High interest in city election by David Lias Vermillion � a community that traditionally has had to go begging to find people to serve on its city council – is experiencing a refreshing change on its political front.
Candidates for aldermen positions that soon will be vacant are out in droves.
Some have already turned in nominating petitions to put their names on the city election ballot.
Others are still circulating petitions.
Incumbent Mayor Roger Kozak and one of his challengers, Dan Christopherson, have submitted petitions and are candidates for that office.
Nicholas Severson is presently circulating petitions. If he is successful, he will make Vermillion's mayoral election a three-person race.
Christopherson currently represents the Central Ward on the city council. His pursuit of the mayor's office and the upcoming end of his term has left a vacancy to be filled from his ward.
Roger Jeck, who unsuccessfully ran for mayor two years ago, former state legislator Mary Edelen, and Kate L. Bingen, who unsuccessfully challenged Drake Olson last year, are all circulating petitions to become Central Ward candidates.
City Council incumbent Jack Powell from the Northwest Ward is seeking re-election. He is being challenged by former alderman Joe Grause.
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Southeast Ward incumbent Ray Hofman is being challenged by former alderman Jere Chapman. The two men faced each other in Vermillion's 2002 city election. Hofman narrowly defeated Chapman.
Northeast Ward Alderman Gary Wright, so far, hasn't begun circulating petitions. Should he decide not to seek re-election, however, people from his ward will have a choice in the June 1 election. The ward's Jon P. Callahan and Kent L. Osborne are circulating nominating petitions to become candidates.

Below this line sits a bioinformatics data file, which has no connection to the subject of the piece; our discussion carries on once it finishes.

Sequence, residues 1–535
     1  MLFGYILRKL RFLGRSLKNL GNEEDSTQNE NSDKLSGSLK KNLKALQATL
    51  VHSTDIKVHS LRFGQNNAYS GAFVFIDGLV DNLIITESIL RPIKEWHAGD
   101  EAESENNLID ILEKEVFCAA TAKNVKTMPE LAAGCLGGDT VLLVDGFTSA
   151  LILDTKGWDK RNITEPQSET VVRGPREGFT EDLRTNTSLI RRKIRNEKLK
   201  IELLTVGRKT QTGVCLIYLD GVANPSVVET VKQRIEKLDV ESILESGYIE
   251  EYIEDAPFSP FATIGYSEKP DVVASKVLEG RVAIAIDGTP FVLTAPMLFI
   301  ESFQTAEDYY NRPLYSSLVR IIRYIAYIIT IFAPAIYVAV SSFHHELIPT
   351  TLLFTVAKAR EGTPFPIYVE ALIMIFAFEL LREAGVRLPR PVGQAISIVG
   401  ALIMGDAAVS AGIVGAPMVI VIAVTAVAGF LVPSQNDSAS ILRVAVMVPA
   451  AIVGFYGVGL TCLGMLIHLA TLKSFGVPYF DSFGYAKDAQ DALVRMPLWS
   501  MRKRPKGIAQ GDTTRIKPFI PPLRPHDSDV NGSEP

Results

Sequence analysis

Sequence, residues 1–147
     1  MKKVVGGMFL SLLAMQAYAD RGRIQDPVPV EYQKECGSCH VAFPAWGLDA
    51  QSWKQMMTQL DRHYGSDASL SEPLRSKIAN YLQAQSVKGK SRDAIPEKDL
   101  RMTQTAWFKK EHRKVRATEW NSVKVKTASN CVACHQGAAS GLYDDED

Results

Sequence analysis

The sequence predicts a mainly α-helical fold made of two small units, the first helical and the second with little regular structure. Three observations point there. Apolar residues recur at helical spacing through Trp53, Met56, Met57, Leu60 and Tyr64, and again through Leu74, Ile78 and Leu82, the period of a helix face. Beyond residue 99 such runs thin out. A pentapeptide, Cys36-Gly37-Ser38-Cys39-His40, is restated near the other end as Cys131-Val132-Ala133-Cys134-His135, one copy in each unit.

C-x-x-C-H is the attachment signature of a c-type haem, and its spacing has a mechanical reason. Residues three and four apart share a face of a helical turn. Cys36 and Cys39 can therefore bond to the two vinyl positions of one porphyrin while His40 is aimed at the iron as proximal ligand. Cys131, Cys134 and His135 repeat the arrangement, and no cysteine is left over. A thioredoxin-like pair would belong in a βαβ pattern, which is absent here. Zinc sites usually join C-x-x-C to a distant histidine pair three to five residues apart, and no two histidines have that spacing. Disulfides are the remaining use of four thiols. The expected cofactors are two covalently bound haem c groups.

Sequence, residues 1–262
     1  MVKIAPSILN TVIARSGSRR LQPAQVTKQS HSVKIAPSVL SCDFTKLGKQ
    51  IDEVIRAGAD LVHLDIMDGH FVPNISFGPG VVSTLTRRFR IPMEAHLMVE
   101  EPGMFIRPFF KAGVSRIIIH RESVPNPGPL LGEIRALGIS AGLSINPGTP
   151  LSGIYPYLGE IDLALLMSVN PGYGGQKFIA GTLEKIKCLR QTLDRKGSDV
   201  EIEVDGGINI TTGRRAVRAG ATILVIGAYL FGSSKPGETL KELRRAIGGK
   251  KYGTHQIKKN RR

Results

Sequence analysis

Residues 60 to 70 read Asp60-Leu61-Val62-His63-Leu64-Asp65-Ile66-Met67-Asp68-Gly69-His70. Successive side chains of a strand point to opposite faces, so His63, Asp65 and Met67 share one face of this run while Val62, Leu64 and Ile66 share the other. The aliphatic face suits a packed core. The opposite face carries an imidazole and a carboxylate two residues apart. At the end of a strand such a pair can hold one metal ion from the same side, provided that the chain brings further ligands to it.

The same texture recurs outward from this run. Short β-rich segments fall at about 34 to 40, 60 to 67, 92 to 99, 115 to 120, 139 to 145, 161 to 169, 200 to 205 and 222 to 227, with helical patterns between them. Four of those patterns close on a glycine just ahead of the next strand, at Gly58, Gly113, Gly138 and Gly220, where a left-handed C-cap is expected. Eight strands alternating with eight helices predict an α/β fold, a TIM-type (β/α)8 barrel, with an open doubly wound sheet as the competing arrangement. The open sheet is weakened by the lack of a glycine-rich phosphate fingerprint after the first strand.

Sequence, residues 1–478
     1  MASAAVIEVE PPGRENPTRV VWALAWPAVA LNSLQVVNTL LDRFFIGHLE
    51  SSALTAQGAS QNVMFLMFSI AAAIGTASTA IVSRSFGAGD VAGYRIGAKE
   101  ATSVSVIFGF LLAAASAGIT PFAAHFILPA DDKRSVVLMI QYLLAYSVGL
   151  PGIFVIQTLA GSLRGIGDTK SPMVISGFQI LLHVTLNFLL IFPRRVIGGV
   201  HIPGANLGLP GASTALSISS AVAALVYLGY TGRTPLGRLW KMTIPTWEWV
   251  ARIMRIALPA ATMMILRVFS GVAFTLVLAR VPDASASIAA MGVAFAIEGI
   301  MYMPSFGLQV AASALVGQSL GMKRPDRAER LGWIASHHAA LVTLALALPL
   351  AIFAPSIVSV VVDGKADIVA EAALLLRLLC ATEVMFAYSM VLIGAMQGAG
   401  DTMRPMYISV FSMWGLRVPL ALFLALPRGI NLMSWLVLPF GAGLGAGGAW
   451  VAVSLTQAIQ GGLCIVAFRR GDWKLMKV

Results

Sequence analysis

Professor William Richardson of The University of South Dakota's political science department said the department's introduction of Vermillion Leadership 2000 to the community may be playing a part in inspiring greater participation by some citizens in the political process.
Other factors � from local controversies to the city's municipal election timed with the state's June 1 primary � may be influencing this year's political activity in the city.
"It's positive in the sense that people are getting involved, and you're potentially getting additonal candidates who are contending for a job that takes an awful lot of work," Richardson said. "The issues on the city's plate � people are seeing how they are being affected by them, and that's good. Suddenly, they are saying, 'Yeah, politics is local.' You can have some of the greatest effects, the most visible, the most immediate effects in the local offices."
Nominating petitions first became available from the city finance officer on March 1. They must be returned with at least 50 signatures to city hall by 5 p.m. April 6.